On 12 June 2014, CHP CEO Jenny Smith attended the ACOSS conference, the national conference for the community services sector. Jenny’s report on the key themes of the conference is below
The community sector is very concerned about the government’s proposals in the federal budget and what proposals may or may not make it through the Senate come 1 July.
This budget represents a major departure from Australia’s historical commitment to a strong safety net with a foundation of universal health and education. The federal budget unfairly focuses on those least able to pay. Cutting payments to young people is unfathomable both in human terms and economically, as these payments are a very small part of welfare expenditure.
The conference heard that the Budget proposals focus on reducing expenditure while the main cause of the budget deterioration has been declining revenue. All the heavy lifting is proposed to be through spending cuts rather than raising revenue through taxes. There has been little attention paid to the impact of the big cuts in personal income tax we received in 2007. The loss of NRAS round 5 funding is also a huge disappointment.
Attendees at the conference, representing community sector agencies across the country, passed a resolution calling on the Government to work with the community sector to design policy that is sustainable inclusive and fair, and rejecting the severest cuts in the Federal Budget.
Federal Housing Review
Minister for Social Services Kevin Andrews addressed the ACOSS Congress, focussing on the federal budget and, in his words, on ‘’the why and not the what’’.
Minister Andrews described 3 inter-related challenges the government grappled with in their budget:
1) the economy is undergoing a transition post mining boom, from construction to production, which has levelled out;
2) a growing deficit
3) the ageing population with the baby boom being the last major demographic shift. The baby boomers are now becoming the old age population with the related impact on health care costs and contraction in the work force supporting those costs. Minister Andrews referred to the costs of the aged pension and NDIS as particular challenges.
In response to my question about when we can expect reassurance about NPAH funding beyond this year, Minister Andrews advised it is time to review housing in context of the housing shortage. He indicated that the tax & constitutional reviews being led by the Treasurer are also relevant.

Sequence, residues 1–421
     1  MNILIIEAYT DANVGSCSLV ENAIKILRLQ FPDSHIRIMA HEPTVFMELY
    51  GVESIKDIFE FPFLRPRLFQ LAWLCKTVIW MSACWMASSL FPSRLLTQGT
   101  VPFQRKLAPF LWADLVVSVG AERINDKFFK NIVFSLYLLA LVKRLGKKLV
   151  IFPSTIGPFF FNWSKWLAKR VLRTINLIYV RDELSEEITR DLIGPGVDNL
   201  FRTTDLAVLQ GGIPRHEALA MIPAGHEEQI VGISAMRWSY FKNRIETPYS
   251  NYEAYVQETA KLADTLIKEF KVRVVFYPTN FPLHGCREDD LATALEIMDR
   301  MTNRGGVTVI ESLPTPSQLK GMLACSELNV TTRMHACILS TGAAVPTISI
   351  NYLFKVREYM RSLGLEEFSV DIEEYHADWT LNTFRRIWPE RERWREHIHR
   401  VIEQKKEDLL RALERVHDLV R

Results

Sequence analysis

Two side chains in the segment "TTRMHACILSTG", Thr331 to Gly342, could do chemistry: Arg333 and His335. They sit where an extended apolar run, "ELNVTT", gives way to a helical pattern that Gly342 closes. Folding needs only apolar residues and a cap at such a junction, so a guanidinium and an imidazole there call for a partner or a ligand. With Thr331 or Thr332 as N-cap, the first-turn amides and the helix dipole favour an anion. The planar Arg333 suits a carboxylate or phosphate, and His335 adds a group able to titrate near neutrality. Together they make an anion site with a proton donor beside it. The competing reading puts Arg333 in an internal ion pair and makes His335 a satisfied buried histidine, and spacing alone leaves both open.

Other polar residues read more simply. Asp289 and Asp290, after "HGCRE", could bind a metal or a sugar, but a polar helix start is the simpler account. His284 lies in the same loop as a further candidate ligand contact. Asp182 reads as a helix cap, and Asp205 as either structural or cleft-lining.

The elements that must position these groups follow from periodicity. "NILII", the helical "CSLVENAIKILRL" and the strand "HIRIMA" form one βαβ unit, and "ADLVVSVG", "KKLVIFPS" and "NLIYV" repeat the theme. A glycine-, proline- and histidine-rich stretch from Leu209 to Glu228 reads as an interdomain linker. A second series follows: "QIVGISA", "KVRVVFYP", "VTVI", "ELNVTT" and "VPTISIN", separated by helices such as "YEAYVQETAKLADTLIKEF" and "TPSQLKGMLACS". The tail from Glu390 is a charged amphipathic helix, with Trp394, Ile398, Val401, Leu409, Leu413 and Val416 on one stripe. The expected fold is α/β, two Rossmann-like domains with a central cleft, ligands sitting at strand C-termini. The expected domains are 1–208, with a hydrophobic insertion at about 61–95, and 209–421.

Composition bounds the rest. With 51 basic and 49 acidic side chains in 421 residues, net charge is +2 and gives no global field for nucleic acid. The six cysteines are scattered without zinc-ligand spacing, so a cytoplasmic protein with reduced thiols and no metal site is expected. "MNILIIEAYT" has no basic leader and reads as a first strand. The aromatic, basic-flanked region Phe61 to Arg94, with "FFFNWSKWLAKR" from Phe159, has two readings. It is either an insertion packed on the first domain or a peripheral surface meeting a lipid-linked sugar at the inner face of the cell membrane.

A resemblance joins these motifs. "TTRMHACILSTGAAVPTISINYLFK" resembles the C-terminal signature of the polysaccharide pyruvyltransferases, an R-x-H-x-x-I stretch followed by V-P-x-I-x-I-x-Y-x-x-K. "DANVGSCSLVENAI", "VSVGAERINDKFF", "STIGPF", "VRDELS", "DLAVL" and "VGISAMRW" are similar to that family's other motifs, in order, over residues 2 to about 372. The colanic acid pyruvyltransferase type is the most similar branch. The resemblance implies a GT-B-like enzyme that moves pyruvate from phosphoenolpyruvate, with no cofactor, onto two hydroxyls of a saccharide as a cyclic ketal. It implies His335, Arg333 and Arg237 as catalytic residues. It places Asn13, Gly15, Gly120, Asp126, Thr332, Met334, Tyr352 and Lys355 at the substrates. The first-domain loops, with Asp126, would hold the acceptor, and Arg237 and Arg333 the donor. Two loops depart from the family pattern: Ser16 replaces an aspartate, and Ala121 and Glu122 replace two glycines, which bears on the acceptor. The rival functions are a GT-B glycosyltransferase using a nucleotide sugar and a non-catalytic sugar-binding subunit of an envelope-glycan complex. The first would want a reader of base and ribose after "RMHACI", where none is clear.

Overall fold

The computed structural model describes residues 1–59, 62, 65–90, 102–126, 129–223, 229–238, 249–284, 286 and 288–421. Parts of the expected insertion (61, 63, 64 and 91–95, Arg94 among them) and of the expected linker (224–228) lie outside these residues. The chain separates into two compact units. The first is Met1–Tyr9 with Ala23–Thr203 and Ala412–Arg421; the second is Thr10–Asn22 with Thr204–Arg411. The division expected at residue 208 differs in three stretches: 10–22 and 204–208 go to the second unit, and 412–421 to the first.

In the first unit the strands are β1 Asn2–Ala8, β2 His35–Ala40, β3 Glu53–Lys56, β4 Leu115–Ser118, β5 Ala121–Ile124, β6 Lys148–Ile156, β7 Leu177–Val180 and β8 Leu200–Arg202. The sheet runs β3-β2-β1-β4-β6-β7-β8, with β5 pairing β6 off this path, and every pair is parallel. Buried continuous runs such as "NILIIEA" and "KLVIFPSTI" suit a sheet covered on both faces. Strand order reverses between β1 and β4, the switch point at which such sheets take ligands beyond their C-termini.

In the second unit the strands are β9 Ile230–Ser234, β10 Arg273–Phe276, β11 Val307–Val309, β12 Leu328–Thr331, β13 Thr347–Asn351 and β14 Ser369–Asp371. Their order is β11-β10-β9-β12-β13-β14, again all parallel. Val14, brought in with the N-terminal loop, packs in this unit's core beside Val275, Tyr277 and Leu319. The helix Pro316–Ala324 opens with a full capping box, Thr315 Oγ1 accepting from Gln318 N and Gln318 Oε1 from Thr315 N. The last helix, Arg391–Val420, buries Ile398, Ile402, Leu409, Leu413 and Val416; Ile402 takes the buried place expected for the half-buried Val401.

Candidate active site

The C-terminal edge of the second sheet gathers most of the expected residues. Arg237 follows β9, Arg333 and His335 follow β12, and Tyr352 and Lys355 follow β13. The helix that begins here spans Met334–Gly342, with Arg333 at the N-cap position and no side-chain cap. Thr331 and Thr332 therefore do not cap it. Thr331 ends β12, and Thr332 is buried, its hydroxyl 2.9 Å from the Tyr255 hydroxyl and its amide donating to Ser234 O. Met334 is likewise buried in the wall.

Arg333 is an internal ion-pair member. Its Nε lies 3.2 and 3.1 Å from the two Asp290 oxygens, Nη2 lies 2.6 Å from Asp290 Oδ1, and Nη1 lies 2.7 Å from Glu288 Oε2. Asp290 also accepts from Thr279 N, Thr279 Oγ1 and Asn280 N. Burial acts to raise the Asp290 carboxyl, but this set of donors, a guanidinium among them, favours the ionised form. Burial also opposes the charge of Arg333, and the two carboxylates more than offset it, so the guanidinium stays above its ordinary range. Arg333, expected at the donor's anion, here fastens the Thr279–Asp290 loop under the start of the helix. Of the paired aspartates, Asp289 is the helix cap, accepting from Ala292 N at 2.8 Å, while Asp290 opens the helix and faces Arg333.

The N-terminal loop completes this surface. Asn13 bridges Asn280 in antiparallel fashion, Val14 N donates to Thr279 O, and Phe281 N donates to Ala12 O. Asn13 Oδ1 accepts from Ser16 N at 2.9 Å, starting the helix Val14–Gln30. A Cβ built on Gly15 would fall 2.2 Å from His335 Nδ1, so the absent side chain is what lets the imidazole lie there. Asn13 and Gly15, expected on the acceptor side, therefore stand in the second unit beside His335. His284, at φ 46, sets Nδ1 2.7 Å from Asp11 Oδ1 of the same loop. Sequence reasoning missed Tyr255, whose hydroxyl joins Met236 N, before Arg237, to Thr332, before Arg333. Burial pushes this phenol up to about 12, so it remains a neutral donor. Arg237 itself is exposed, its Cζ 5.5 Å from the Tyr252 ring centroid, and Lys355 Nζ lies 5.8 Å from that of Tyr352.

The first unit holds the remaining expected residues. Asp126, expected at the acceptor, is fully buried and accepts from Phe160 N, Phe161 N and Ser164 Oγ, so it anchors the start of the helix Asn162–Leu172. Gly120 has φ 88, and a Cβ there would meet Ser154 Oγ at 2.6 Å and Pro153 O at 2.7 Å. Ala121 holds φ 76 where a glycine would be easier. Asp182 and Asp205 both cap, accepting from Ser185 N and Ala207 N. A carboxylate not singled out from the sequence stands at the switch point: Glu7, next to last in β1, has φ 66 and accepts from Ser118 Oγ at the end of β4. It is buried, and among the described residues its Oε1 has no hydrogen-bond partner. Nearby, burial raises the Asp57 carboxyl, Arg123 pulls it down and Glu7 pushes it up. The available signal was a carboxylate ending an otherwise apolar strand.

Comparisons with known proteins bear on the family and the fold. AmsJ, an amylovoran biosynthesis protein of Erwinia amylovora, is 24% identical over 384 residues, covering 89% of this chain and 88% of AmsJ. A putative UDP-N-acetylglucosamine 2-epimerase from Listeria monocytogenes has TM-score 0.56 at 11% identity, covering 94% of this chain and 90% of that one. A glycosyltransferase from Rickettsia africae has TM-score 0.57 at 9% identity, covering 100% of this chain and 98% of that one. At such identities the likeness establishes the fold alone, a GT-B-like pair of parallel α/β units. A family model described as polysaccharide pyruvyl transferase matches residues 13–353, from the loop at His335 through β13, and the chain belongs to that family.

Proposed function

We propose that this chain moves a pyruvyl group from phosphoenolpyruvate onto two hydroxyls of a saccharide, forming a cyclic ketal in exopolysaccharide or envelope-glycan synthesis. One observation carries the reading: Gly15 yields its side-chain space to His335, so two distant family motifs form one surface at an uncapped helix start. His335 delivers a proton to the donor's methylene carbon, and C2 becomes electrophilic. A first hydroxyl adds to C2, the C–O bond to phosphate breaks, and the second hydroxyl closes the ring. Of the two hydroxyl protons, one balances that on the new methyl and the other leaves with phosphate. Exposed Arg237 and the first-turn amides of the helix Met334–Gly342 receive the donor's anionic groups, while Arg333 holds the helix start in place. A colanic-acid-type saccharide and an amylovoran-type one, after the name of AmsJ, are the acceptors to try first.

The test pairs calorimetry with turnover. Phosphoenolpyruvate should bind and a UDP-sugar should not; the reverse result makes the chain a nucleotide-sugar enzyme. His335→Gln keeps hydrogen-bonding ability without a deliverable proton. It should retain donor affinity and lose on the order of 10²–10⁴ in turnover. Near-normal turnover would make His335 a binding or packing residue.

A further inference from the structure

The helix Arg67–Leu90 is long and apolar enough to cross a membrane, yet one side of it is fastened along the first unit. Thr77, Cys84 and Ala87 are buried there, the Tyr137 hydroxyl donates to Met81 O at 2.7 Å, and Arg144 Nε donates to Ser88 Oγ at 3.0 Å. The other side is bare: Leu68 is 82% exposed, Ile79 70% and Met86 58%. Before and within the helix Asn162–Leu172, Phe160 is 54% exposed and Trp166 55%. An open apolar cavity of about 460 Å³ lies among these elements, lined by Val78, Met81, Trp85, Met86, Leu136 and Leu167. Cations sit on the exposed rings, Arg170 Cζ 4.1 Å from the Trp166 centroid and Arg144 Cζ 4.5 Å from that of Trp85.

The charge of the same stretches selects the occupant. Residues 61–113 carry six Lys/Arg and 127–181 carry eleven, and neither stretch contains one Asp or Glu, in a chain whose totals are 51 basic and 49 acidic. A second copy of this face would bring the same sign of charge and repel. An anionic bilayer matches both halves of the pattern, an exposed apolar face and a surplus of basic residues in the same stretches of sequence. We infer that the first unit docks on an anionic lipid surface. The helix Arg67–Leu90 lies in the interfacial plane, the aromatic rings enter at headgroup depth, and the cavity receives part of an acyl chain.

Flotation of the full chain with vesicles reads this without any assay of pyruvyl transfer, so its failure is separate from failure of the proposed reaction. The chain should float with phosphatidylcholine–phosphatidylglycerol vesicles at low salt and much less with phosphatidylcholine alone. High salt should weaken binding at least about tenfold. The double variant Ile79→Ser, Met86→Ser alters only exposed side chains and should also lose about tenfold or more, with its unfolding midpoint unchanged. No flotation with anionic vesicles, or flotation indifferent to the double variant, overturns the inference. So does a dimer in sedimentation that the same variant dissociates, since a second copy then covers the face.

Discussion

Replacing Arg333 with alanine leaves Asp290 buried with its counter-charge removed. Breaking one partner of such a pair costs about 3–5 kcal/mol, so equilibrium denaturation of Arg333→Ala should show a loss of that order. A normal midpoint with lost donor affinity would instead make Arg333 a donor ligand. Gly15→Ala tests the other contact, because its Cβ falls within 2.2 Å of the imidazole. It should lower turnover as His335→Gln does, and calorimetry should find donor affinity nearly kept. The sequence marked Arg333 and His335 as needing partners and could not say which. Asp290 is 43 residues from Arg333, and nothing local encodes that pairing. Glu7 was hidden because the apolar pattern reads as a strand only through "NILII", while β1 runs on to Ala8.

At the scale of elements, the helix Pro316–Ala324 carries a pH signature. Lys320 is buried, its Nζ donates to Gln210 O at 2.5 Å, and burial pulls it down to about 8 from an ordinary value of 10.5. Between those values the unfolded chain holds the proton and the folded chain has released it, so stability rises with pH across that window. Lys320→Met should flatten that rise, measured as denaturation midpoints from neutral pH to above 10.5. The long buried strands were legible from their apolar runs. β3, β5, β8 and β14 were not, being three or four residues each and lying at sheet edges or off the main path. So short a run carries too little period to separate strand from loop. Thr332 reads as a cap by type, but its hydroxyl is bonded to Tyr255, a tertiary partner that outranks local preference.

Minister Andrews indicated that the Housing Review would involve considerable consultation.
Following his address to the ACOSS Congress, Bill Shorten, leader of the federal opposition was asked whether a future Labor Government would tackle negative gearing and capital gains tax exemptions. Mr Shorten’s response emphasised that the opposition are very alive to the housing affordability issue at present and are currently doing a lot of work on it.
Patrick McClure let us know that the Interim Report of his review of welfare payments is with the government. Patrick advised that the four pillars of reform will be:
1) A simpler system over the medium to long term. An employment focus with rewards for work. Better integration of tax & welfare systems.
2) Strengthening individual & family capability. Both Patrick and Minister Andrews referred to the New Zealand model of identifying those at risk through an actuarial model, investing up front to develop pathways to employment with mutual obligations, and individually tailored requirements including educational outcomes for children. There was an emphasis on early intervention with wrap around services to support access to employment and training for those on disability pensions with challenges such as depression and anxiety.
3) Engaging with employers. Reference was made to the Andrew Forrest business covenant to create 50,000 jobs and the need for more big companies to recognise that they need to have people with disability in their workforce.
4) Build community capacity to deliver employment opportunities – particularly in the regions that currently provide limited employment prospects.
With community sector agencies still grappling with what the Federal Budget will mean for the vulnerable households they work with, the conference heard there are more big changes to housing and welfare policy on the Government’s horizon.